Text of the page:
Picking a veep candidate: some dos and don’ts

On the days John McCain and Barack Obama (or Hillary Clinton) introduce their running mates, they are going to look the cameras in the eye and announce that their number one consideration was to put someone on the ticket who would be prepared and qualified to take over as president should that become necessary.

And if you’re like me, you may roll your cynical eyes and wonder why politicians must constantly insult your intelligence by saying things only a rube would believe. Anyone with a double-digit political IQ knows that the choice of a running mate is about balancing the ticket, gaining an advantage in a swing state, making a play for a particular demographic, unifying the various wings of the party and essentially all about trying to win the election, not trying to line up a qualified backup president.

At Monday’s Center for the Study of Politics and Governance conference on vice presidential selection, political scientist Doug Kriner said something different from that conventional wise guy wisdom, a bit more complicated and kinda convincing.

Kriner argued that the dichotomy between a politically smart veep pick and a qualified veep was a false choice, basically because the politically dumbest thing a nominee can do when choosing a running mate is choose someone whom the public sees as unqualified to be president. That kinda makes sense too.

And it was backed up by another point, which was echoed by pretty much all the scholars at the conference: The political importance of the veepstakes is normally overplayed by the media. The running mate cannot do much to help the ticket win. The public is voting for the presidential candidate, not the running-mate.

But, Kriner argued, a bad running mate (defined as one that the public doesn’t trust to be a heartbeat away from the presidency) can hurt the ticket.  So after the “short list” of finalists for the job is prepared (and you normally don’t get on that list unless you add some kind of balance to the ticket), the final choice is a defensive one, as in: let’s make sure we pick someone who won’t hurt us.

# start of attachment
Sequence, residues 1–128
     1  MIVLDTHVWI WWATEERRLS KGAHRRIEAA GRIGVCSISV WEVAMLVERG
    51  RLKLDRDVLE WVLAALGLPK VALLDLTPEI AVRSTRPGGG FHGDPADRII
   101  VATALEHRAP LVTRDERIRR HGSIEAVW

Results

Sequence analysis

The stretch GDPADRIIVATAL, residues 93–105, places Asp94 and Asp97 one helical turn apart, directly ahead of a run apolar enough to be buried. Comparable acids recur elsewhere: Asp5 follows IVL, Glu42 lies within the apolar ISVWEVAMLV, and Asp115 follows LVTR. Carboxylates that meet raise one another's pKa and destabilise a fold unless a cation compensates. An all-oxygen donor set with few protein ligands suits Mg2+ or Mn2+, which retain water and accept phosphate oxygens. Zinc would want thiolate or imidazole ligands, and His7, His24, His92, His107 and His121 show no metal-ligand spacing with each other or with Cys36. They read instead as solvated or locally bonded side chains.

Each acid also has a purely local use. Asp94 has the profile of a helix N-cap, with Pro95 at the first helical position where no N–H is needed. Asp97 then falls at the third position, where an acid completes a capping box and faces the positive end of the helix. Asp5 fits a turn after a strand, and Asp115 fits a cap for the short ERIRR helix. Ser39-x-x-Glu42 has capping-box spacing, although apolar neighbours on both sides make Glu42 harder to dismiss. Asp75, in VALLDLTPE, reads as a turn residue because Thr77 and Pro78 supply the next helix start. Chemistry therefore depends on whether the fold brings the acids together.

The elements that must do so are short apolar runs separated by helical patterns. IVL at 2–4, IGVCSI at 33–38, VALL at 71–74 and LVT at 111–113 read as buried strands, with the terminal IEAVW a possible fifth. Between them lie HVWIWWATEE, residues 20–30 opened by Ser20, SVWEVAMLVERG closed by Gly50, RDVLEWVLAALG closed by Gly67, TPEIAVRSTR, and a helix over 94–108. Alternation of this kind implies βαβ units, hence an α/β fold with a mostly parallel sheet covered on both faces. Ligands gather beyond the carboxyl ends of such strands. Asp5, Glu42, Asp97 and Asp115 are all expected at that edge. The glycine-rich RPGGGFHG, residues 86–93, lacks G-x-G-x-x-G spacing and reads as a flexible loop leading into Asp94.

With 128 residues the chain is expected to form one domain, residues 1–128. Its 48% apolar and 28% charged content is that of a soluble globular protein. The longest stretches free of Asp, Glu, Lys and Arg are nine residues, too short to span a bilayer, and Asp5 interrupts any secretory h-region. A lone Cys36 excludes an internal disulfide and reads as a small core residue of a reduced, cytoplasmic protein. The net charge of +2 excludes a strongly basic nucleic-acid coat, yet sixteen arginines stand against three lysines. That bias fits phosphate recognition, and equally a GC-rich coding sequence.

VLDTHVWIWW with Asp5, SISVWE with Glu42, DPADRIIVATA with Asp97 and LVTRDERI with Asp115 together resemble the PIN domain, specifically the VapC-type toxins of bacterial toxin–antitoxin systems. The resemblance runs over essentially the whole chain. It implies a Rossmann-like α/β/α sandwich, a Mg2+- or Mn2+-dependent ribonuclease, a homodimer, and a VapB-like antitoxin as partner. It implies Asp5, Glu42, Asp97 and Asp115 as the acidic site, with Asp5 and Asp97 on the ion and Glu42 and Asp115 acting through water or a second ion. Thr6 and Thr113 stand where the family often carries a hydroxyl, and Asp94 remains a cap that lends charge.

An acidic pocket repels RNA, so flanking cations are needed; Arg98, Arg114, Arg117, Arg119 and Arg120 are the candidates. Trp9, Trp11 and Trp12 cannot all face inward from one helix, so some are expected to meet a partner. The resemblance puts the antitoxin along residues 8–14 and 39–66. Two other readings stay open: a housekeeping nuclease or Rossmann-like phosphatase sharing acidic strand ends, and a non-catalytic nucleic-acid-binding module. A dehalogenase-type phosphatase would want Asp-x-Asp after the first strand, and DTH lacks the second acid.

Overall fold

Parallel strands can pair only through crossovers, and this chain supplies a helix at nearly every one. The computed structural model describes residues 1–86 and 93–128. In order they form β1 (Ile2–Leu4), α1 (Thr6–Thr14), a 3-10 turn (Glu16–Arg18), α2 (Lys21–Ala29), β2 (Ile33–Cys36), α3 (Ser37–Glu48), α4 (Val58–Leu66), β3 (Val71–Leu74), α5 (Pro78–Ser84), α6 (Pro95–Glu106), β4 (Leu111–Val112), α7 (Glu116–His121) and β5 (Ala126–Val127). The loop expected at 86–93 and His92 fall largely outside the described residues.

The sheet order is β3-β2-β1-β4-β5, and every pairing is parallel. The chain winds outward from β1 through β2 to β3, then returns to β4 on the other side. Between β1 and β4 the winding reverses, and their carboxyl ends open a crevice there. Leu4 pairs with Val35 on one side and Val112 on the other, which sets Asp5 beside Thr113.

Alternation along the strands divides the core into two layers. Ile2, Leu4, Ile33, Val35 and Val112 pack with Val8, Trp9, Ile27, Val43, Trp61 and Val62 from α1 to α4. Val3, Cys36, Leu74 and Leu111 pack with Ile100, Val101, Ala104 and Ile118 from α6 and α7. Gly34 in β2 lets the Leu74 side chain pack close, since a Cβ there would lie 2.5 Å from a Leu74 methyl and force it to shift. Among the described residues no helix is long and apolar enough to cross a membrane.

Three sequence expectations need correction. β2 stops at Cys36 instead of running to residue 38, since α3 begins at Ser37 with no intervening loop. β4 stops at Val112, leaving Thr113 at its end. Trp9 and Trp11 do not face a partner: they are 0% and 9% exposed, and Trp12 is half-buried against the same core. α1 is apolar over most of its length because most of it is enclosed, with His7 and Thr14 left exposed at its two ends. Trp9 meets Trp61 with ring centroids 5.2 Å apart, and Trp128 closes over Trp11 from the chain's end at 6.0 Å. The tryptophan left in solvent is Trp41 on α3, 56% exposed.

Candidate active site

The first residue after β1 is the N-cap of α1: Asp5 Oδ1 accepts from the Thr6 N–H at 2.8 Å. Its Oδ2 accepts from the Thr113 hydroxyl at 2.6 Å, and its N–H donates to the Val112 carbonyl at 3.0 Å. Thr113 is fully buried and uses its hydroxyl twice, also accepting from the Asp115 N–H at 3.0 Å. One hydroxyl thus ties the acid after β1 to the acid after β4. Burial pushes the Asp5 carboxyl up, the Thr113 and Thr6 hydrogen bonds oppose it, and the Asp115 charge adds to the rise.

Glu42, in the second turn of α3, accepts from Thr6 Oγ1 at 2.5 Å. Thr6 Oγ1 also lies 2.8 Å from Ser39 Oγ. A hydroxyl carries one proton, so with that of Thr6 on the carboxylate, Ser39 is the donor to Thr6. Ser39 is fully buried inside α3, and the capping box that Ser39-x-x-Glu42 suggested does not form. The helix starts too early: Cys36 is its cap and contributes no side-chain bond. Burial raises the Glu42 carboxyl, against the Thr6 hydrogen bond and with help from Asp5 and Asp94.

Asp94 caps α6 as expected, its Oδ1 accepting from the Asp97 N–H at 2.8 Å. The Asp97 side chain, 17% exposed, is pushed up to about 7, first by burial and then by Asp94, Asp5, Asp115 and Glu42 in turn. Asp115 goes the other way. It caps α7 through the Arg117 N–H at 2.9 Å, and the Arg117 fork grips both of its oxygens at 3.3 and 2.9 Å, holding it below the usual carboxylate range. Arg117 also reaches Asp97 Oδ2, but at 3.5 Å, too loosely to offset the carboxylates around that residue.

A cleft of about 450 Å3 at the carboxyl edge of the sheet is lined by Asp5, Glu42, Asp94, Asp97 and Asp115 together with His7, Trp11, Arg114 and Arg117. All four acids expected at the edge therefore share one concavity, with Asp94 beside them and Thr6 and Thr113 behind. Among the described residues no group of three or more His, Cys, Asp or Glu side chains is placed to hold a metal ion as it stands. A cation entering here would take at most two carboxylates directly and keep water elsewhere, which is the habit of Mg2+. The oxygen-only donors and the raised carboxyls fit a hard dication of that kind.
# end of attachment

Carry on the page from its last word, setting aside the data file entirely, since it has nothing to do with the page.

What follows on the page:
The best defense is a well-qualified veep who won’t give rise to a TV spot – like this one by the Dems in 1988 trying to play on fears that Repub veep nominee Dan Quayle wasn’t up to the big job.

The Quayle case enters the lore of recent veep picks as the object lesson on how not to do it. The assumption is that nominee George H.W. Bush attached too much weight to the belief that a handsome young running mate would help the ticket with young voters and women, and not enough weight to the importance of a credible president-in-waiting.

 One of the most famous moments of the campaign was Dem. VP Candidate Lloyd Bentsen’s “you’re-no-Jack-Kennedy” putdown. 

Kriner pointed out Monday that the forgotten context for the exchange was that the moderators had been pressing Quayle on his qualifications to be president. If you read the transcript of the exchange, you’ll note that in his statement just before Bentsen’s famous riposte, Quayle appears to be complaining about the constant demand that he justify his qualifications to be on the ticket, which led Quayle to note that he had comparable congressional experience to John F. Kennedy. (Of course, the Bush-Quayle ticket did win the election, but the Quayle selection is widely viewed as a blunder.)

Some other recent veep disasters — Sen. George McGovern’s 1972 choice of Sen. Tom Eagleton (who soon withdrew from the ticket after divulging that he suffered from depression and had been treated with electroshock) and the corruption problem that forced Spiro Agnew to resign the vice presidency just as Richard Nixon’s presidency was collapsing — have heightened public awareness to the importance of having a steady, proven number two person on the ticket.

Pre-reform and post-reform